the bee apocalypse

bee-vanish

Since 2006 honey bees responsible for pollinating more than 100 crops—from apples to zucchini—have been dying by the tens of millions, as reported by the US Department of Agriculture (USDA).  Scientists have been struggling to understand the causes of so-called Colony Collapse Disorder (CCD) leading so many bees to death (an estimated 10 million beehives, worth $2 billion, have been estimated to have died over the past six years). Recently, a new study has outlined some of the probable causes of bee die-off. Suspects have included pesticides, disease-bearing parasites and poor nutrition. Scientists at the University of Maryland and the USDA have identified a mixture of pesticides and fungicides contaminating pollen that bees collect to feed their hives. The findings break new ground on why large numbers of bees are dying though they do not identify the specific cause of CCD, where an entire beehive dies at once. The results of the research have been very recently published on the Journal PlosOne.

Pettis JS, Lichtenberg EM, Andree M, Stitzinger J, Rose R, et al. (2013) Crop Pollination Exposes Honey Bees to Pesticides Which Alters Their Susceptibility to the Gut Pathogen Nosema ceranae. PLoS ONE 8(7): e70182. doi:10.1371/journal.pone.0070182

Recent declines in honey bee populations and increasing demand for insect-pollinated crops raise concerns about pollinator shortages. Pesticide exposure and pathogens may interact to have strong negative effects on managed honey bee colonies. Such findings are of great concern given the large numbers and high levels of pesticides found in honey bee colonies. Thus it is crucial to determine how field-relevant combinations and loads of pesticides affect bee health. We collected pollen from bee hives in seven major crops to determine 1) what types of pesticides bees are exposed to when rented for pollination of various crops and 2) how field-relevant pesticide blends affect bees’ susceptibility to the gut parasite Nosema ceranae. Our samples represent pollen collected by foragers for use by the colony, and do not necessarily indicate foragers’ roles as pollinators. In blueberry, cranberry, cucumber, pumpkin and watermelon bees collected pollen almost exclusively from weeds and wildflowers during our sampling. Thus more attention must be paid to how honey bees are exposed to pesticides outside of the field in which they are placed. We detected 35 different pesticides in the sampled pollen, and found high fungicide loads. The insecticides esfenvalerate and phosmet were at a concentration higher than their median lethal dose in at least one pollen sample. While fungicides are typically seen as fairly safe for honey bees, we found an increased probability of Nosema infection in bees that consumed pollen with a higher fungicide load. Our results highlight a need for research on sub-lethal effects of fungicides and other chemicals that bees placed in an agricultural setting are exposed to.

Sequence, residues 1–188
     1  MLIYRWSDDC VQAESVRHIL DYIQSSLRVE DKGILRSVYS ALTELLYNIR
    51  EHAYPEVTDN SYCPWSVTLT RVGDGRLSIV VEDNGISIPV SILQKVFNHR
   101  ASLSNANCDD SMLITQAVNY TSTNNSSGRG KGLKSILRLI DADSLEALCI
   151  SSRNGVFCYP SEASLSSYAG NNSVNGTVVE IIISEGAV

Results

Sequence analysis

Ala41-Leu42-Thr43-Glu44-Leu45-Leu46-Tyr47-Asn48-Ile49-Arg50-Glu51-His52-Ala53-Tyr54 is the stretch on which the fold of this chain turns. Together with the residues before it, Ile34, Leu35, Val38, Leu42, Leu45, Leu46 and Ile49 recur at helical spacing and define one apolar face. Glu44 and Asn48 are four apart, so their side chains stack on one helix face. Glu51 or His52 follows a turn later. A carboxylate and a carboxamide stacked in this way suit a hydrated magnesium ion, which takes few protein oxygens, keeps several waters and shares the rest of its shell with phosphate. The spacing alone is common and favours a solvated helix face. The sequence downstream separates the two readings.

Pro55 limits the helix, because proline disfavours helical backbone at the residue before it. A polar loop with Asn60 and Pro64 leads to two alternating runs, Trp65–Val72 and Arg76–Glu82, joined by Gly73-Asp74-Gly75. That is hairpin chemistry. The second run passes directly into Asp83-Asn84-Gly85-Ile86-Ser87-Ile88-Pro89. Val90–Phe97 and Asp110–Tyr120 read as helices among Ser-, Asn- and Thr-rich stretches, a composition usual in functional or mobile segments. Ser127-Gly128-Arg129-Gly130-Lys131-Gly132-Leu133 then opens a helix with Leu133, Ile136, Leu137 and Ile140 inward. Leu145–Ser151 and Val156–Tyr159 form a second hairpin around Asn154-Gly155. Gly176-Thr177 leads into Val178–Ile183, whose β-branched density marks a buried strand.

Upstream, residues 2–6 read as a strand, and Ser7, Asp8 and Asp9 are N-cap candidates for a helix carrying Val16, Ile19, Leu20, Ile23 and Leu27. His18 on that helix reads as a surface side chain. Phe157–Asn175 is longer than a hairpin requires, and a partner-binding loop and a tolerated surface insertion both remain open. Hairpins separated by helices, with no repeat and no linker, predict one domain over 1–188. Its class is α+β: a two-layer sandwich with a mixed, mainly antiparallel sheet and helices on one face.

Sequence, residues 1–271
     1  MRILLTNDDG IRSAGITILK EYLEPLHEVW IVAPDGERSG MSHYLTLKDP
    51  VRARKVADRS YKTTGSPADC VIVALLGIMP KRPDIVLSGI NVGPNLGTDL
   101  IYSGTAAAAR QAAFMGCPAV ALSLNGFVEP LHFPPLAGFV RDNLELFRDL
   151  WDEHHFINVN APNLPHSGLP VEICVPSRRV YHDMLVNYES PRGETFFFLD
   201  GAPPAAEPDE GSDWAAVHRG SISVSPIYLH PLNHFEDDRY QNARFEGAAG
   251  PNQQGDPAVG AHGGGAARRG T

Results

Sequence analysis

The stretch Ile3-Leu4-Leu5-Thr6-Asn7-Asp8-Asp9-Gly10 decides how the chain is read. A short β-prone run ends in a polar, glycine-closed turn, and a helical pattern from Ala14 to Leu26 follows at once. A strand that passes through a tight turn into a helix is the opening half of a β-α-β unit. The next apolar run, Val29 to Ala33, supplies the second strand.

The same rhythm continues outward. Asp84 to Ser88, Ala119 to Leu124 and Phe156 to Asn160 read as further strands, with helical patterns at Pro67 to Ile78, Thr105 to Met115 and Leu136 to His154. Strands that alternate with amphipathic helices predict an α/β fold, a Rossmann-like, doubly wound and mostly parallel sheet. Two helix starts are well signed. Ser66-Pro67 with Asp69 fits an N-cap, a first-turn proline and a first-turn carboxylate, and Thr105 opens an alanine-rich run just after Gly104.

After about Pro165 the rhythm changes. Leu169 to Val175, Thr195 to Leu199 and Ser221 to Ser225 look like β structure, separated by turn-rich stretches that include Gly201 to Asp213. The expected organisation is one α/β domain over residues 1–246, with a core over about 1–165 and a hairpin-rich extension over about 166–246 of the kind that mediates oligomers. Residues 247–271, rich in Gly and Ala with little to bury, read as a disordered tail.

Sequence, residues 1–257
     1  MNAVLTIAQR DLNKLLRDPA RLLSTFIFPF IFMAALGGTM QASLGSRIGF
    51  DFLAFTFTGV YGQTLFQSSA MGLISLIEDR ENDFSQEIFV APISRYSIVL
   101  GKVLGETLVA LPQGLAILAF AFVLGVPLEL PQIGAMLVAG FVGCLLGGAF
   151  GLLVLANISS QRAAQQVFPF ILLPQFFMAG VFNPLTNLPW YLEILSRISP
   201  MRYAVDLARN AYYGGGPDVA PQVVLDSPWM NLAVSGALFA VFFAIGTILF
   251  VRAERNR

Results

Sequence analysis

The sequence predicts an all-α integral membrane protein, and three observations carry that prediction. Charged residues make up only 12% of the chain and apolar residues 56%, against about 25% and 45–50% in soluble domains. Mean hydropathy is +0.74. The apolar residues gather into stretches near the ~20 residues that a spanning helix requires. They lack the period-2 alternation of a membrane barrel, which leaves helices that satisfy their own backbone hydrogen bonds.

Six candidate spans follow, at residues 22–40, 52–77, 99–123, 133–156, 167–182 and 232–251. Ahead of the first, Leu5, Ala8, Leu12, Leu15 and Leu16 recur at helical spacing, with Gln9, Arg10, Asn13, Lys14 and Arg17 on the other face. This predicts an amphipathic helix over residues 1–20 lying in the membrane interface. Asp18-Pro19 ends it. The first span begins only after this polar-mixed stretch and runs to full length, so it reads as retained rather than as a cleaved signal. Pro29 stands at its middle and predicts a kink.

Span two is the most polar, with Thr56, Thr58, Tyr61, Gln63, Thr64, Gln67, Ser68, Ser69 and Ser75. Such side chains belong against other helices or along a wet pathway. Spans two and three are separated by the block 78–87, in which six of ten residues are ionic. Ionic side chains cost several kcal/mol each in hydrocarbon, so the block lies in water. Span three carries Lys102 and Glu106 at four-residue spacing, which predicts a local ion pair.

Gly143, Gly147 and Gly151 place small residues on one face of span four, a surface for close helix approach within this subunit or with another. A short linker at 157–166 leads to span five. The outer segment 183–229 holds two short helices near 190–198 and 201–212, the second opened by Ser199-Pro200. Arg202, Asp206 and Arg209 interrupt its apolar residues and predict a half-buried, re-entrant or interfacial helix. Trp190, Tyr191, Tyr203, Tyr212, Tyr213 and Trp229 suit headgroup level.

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5 thoughts on “the bee apocalypse

  1. Dr. Thomas E. Ferrari MS, PhD says: